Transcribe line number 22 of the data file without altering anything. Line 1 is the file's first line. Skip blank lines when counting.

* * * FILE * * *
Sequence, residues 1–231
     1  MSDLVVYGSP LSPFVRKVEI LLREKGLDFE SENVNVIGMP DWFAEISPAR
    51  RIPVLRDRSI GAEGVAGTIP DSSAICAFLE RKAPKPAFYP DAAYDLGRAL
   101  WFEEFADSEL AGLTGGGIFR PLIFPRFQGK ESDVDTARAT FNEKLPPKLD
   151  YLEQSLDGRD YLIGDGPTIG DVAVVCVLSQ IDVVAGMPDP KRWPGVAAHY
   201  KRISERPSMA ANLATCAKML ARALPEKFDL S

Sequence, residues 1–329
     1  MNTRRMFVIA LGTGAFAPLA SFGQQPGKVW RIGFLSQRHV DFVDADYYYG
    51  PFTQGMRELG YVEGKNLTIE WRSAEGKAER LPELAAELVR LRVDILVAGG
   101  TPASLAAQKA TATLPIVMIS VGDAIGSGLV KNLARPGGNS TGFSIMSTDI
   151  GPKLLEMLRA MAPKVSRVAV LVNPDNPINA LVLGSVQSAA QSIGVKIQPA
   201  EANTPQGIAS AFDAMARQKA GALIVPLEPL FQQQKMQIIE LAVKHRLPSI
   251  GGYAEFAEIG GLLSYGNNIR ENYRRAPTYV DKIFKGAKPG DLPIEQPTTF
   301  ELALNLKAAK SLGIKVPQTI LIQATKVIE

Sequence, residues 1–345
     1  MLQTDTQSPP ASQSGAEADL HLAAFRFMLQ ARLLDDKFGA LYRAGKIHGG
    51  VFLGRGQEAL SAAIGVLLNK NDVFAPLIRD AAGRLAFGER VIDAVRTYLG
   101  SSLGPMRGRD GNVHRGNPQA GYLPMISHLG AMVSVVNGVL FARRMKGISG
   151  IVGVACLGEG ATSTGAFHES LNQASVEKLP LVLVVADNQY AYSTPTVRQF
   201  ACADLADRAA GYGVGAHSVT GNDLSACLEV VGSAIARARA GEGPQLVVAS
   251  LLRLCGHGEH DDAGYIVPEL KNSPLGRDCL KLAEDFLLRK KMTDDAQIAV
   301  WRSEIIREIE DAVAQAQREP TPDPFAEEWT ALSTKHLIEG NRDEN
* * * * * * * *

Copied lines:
   301  WRSEIIREIE DAVAQAQREP TPDPFAEEWT ALSTKHLIEG NRDEN